Travel SOS: driving in the US

Driving the Pacific Coast Highway in the USA has long been a dream of Tom’s, so in this week’s Travel SOS, Lee Mylne has some tips to keep him on the road.

Q. Tom
We’re planning to self-drive along the West Coast of the US and I understand that the roads are pretty easy to drive, but is there anything we should consider before we go? Do we need to have an international driving permit? Should we plan our route or simply go where the notion takes us?

A. First things first, Tom. It is always a good idea to have an international driving permit (IDP) if you are planning to drive overseas. In California, it is ‘recommended’ that you have an IDP (in some countries it is a requirement) for renting a car, but the law changes from state to state, so it really is a good idea to have one to ensure you are covered. Some car rental companies will also require it. Be prepared, and get one.

The IDP must be issued in Australia, and you must also carry your Australian license with you. You can get a permit from your local state or territory motoring club (RACQ, RACV, NRMA or similar). You don’t have to be a member, and the cost is $39.

Don’t be tempted by online offers of international driving permits, as these are likely to be scams using forged permits, and that could cause you legal problems if you were found to be using one while on your holiday. The only authorised IDP issuing bodies in Australia are the state and territory motoring organisations.

If you are not already, it is also well worthwhile becoming a member of a local Automobile Association of Australia (AAA) club because this will give you reciprocal rights in the US which might come in handy. Ask your local club for details.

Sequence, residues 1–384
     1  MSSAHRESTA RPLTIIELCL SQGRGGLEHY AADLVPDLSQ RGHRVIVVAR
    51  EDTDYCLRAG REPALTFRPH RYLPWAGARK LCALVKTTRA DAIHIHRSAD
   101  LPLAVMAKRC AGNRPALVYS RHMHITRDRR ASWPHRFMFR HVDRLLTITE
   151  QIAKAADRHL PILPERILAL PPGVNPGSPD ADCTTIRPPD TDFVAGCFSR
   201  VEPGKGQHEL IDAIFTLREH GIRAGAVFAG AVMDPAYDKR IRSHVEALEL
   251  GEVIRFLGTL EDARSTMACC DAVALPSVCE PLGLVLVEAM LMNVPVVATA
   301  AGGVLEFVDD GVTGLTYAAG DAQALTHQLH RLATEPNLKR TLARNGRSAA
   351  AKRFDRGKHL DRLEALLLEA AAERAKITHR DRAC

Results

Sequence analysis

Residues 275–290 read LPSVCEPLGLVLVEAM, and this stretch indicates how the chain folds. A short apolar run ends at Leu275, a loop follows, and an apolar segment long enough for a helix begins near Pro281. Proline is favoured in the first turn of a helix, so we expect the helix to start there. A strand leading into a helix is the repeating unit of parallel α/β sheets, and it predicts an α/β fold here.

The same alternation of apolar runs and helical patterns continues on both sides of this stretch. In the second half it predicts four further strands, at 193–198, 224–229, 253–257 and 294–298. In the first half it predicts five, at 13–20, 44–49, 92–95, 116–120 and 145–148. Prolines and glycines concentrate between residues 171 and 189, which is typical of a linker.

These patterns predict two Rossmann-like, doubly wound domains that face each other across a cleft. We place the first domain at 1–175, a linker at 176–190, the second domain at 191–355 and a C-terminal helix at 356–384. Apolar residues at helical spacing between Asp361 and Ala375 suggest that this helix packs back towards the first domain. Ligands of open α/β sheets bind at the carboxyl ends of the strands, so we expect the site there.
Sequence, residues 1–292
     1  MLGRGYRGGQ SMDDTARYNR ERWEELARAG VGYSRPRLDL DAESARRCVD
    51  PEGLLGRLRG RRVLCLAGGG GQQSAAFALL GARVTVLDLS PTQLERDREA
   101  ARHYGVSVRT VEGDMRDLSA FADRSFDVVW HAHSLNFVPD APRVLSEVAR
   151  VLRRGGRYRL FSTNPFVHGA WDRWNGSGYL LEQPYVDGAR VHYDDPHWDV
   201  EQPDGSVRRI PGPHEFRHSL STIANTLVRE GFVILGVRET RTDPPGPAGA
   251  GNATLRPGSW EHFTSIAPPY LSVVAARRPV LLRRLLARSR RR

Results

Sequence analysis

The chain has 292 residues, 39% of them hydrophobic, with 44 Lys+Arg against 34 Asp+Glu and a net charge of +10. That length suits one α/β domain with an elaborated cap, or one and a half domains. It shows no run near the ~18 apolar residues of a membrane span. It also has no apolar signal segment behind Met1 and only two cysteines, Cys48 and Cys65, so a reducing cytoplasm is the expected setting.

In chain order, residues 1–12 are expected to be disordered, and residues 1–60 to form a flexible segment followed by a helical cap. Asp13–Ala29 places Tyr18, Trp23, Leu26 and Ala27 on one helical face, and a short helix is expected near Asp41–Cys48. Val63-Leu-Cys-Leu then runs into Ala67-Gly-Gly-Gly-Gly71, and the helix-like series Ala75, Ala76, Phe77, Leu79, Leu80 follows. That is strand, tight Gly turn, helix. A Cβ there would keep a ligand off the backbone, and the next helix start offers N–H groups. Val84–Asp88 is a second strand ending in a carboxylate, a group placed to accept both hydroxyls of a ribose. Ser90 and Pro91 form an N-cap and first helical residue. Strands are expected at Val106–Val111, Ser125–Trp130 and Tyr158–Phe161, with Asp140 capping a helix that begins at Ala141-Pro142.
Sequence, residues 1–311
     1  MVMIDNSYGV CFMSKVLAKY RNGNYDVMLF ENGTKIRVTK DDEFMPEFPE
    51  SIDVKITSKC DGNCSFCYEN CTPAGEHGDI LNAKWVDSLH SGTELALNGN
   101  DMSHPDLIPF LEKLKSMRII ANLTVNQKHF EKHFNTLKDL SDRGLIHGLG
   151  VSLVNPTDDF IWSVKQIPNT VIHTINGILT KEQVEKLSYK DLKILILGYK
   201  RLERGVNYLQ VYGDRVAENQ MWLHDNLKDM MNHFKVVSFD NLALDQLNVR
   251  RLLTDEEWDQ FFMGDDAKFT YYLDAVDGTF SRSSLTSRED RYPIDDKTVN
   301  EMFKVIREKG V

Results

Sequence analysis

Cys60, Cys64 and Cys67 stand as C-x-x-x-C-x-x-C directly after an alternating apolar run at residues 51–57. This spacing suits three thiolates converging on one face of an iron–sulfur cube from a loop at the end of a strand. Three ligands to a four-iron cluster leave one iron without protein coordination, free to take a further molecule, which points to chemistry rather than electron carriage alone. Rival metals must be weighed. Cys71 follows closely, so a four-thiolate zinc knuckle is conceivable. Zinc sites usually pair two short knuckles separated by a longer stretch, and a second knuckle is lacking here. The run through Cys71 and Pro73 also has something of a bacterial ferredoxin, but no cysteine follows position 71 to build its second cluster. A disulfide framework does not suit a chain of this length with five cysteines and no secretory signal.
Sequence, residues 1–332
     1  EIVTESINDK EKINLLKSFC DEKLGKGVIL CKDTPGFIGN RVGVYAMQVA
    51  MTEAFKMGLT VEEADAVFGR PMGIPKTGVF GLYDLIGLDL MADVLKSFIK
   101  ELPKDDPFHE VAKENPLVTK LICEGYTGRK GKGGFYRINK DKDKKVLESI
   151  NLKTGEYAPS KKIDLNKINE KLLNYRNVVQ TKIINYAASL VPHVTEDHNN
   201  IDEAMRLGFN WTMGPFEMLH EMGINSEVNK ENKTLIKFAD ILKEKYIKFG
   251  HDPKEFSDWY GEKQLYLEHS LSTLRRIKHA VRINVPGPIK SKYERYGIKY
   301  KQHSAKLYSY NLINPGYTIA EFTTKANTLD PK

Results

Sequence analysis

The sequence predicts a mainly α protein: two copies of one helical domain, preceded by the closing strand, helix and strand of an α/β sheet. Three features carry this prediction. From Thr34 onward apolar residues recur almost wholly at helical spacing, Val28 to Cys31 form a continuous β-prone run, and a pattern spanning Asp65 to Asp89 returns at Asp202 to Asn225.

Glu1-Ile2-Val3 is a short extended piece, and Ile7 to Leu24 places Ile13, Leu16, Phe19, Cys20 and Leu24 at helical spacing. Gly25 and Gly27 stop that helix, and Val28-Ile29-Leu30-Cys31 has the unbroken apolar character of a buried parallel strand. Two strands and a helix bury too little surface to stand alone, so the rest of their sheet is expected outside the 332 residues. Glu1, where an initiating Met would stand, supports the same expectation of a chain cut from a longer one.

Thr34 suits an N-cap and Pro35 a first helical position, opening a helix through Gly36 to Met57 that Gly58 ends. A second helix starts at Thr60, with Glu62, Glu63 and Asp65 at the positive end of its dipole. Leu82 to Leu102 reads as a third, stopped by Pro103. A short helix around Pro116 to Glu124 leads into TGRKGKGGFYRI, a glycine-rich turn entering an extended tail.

route 101 coast road

As for the trip itself, I think it’s always a good idea to have at least a rough itinerary worked out. It sounds as if you’re planning to drive the Pacific Coast Highway, along the coastlines of California, Oregon and Washington – and I confess to being a bit envious.

You will probably fly into Los Angeles and then head north on the highway, working your way up the California coastline and into the Pacific Northwest. The touring route ends in Olympia, Washington.

route 101 freeway sign

The Pacific Coast Highway is 2735km (1700 miles) and the first part in LA will take you along Route 101, through Hollywood. It then winds through Malibu and along the dramatic coastline of the Big Sur from San Simeon. One thing you might like to stop for a look is William Randolph Hearst’s grand Hearst Castle situated high above the California coast. 

You’ll drive the stunning Monterey Peninsula, home to the old fishing town of Monterey – forever immortalised by the town’s favourite son, Nobel Prize-winning novelist, John Steinbeck. It’s also home to the Monterey Jazz Festival. Stop off in quirky Carmel-by-the-Sea, where Clint Eastwood was once the mayor. 

Plan to spend a few days in San Francisco before heading across the Golden Gate Bridge to continue your journey. The California redwood forests will also be a highlight. If you’re keen to get out of the car and do some walking, the Redwood National Park and the massive Humboldt Redwoods State Park offer plenty of options.

taking picture of the pacific coast

As you drive further north, the Pacific Coast Highway will shadow the Oregon coastline. Stop at Cannon Beach, known for its tidal pools and rock formations. The Oregon Dune National Recreational Area has the largest expanse of sand dunes and stands 500 feet above sea level.

When you hit Washington State, you’ll discover Olympic National Park, with its rugged coastline and glacier-capped mountains. If you’re a fan of the Twilight series, the town of Forks is where author Stephenie Meyer set her books.

At Olympia, the road turns inland for Seattle, which has its own attractions including the Pike Place Market and The Space Needle.

You will have your own ideas of what to do and see along the West Coast, but I really recommend building in some time for spontaneous side-trips. Half the fun of a road-trip is flexibility.

Drive safely and enjoy your big trip!

Here are some websites you might find useful in your planning:

Do you have a travel question for Lee? If so, email your Travel SOS to [email protected]

Related articles:
Driving in Spain
Avoiding car hire problems

- Our Partners -


- Advertisment -
- Advertisment -